I’m all for firmly standing on what one believes. I don’t like dealing with wishy-washy people ((So, when I’m wishy-washy about something because I don’t completely what I believe myself, I’m usually pretty frustated with myself.)), so I have a great deal of respect for an individual who knows what he believes and can back that belief up with reasonable, rational arguments. ((And yes, even statements of faith can be rational, contrary to what some might tell you.)) What I can’t abide is that same individual having a condescending and arrogant attitude about his beliefs, arguing with you about your beliefs simply for the sake of having conflict and with no intention of coming to an understanding with each other.
It’s difficult to determine attitude on the Internet. All we have are words to read. There is little to no inflection added to indicate tone or soften a seemingly harsh turn of phrase. So, something that reads like sarcasm or arrogance may not actually be so. Yet given enough time with the dialogue, one should be able to pick up from the response of the opposing party that one’s own words are being taken as sarcastic and arrogant, and one should then make an effort to couch one’s words from that point onward in softer language that conveys respect and humility. It’s tough, I know, but it’s well worth the effort in the longrun and greater strides are made at mutually beneficial discussion.
I’m watching harsh words be flung about haphazardly, words that contain bitterness and cold resentment, words that strike out with anger, and I think to myself, This ought not be. But I am helpless to do anything about it.
My faith is important to me, and it is important to me to be able to defend it to those who might call it into question. But I find it unreasonable to defend it with sarcasm and arrogance because in doing so, I validate the point of my challenger and forever turn him or her off to the message of Hope that I carry with me. Why do so few see the damaging affect that their words have on the hearts and minds of others? And when faced with the truth of what their words do, why do they then shrug that revelation off so that they may continue as before?
Hard are men’s hearts and blind are men’s eyes when they are confronted by Truth yet do not recognize nor heed it.
To all who come here, to all who read my words, know that you are welcome here and that you are welcome to present and discuss your beliefs in this forum. I cannot do anything about the others who do not seem to be truly open to discussion, but I can continue to assure that this will be a place of sanctuary, where people are free to believe as they will and are free to talk about their beliefs without animosity or rancor. I welcome you with arms wide open and hope that you will choose to stay awhile.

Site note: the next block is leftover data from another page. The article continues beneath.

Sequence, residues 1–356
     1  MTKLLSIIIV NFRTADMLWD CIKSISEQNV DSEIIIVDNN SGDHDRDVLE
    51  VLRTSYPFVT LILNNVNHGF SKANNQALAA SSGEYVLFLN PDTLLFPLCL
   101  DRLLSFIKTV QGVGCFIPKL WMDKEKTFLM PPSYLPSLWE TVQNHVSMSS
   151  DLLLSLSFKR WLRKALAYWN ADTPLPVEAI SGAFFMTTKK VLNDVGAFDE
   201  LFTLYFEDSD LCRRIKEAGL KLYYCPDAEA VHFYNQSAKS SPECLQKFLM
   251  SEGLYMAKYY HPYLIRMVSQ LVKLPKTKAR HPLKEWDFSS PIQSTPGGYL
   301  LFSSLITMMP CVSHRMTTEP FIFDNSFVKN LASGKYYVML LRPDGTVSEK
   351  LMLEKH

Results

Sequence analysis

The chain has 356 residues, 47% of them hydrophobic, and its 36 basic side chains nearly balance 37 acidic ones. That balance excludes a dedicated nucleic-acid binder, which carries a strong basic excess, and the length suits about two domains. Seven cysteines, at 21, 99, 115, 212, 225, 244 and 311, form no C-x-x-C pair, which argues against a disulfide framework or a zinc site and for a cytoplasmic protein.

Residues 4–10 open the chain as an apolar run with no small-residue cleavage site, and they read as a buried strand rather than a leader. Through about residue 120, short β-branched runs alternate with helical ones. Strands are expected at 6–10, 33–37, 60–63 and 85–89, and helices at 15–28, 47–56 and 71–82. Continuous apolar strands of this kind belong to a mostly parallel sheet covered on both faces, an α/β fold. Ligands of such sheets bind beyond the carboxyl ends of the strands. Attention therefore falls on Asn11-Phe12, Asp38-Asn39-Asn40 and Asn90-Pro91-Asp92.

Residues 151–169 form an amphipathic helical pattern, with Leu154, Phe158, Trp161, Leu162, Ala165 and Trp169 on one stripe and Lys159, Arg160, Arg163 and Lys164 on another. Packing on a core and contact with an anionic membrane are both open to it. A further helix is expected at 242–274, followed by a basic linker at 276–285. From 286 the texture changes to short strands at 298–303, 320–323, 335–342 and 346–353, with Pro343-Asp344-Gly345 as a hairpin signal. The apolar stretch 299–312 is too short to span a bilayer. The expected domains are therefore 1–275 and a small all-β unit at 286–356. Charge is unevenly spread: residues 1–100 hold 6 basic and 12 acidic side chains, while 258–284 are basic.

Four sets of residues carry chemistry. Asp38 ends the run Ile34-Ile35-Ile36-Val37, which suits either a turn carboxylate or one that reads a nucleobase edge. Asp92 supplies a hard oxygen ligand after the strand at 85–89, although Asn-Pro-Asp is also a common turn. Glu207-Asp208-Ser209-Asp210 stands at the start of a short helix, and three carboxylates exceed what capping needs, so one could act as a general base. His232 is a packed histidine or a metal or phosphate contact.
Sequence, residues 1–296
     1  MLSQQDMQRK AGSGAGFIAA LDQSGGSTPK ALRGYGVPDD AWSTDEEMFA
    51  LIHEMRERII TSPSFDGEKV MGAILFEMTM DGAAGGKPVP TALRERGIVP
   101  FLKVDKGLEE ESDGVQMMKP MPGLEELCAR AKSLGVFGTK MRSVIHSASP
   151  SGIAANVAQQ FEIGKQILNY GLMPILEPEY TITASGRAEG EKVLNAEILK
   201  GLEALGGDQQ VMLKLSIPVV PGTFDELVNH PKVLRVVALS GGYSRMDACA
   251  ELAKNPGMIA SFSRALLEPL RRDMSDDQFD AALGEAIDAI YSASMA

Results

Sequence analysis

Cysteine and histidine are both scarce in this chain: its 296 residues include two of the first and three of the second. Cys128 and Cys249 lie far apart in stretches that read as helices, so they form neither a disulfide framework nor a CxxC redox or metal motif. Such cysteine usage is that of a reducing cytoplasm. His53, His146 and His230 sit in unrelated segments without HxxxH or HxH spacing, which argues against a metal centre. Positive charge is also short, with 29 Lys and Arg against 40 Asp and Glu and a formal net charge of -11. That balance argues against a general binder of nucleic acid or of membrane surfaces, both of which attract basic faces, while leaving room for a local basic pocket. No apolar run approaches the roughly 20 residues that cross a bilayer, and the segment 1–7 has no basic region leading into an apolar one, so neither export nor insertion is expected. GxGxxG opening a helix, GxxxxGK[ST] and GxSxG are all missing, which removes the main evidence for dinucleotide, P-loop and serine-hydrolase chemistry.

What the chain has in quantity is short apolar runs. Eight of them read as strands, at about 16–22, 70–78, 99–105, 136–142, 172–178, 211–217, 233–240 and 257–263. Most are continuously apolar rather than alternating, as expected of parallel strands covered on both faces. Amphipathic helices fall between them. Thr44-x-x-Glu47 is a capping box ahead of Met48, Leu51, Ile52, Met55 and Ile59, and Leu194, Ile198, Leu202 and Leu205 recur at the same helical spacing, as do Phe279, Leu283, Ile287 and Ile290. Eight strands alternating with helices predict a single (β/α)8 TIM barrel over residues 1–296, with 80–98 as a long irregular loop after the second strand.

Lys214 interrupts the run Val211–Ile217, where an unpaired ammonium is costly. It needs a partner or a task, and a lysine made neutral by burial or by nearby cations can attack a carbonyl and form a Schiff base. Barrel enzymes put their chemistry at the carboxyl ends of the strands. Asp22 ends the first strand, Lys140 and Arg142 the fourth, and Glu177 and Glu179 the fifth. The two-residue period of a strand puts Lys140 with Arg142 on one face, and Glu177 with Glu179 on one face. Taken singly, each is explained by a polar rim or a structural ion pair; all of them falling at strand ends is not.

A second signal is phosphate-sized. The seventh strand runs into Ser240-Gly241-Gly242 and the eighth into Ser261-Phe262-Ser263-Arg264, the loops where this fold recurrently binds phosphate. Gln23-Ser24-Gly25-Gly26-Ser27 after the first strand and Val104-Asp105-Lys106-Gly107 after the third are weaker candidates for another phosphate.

At the Men of Purity conference over the weekend, we sang this song. ((There’s nothing quite so powerful and spiritually moving as hearing 800 men singing worship songs together.)) I love the words, love the music, love the richness of theology described herein. Take a moment to reflect on the words and to think about what they mean. I don’t know how anyone can read, hear, or sing these words and not fall in love with Jesus all over again.
In Christ Alone
by Stuart Townend and Keith Getty © 2002
In Christ alone my hope is found
He is my light, my strength, my song
This Cornerstone, this solid ground
Firm through the fiercest drought and storm
What heights of love, what depths of peace
When fears are stilled, when strivings cease
My Comforter, my All in All
Here in the love of Christ I stand
In Christ alone, who took on flesh
Fullness of God in helpless babe
This gift of love and righteousness
Scorned by the ones He came to save
Ã¢â‚¬ËœTil on that cross as Jesus died
The wrath of God was satisfied
For every sin on Him was laid
Here in the death of Christ I live
There in the ground His body lay
Light of the world by darkness slain
Then bursting forth in glorious Day
Up from the grave He rose again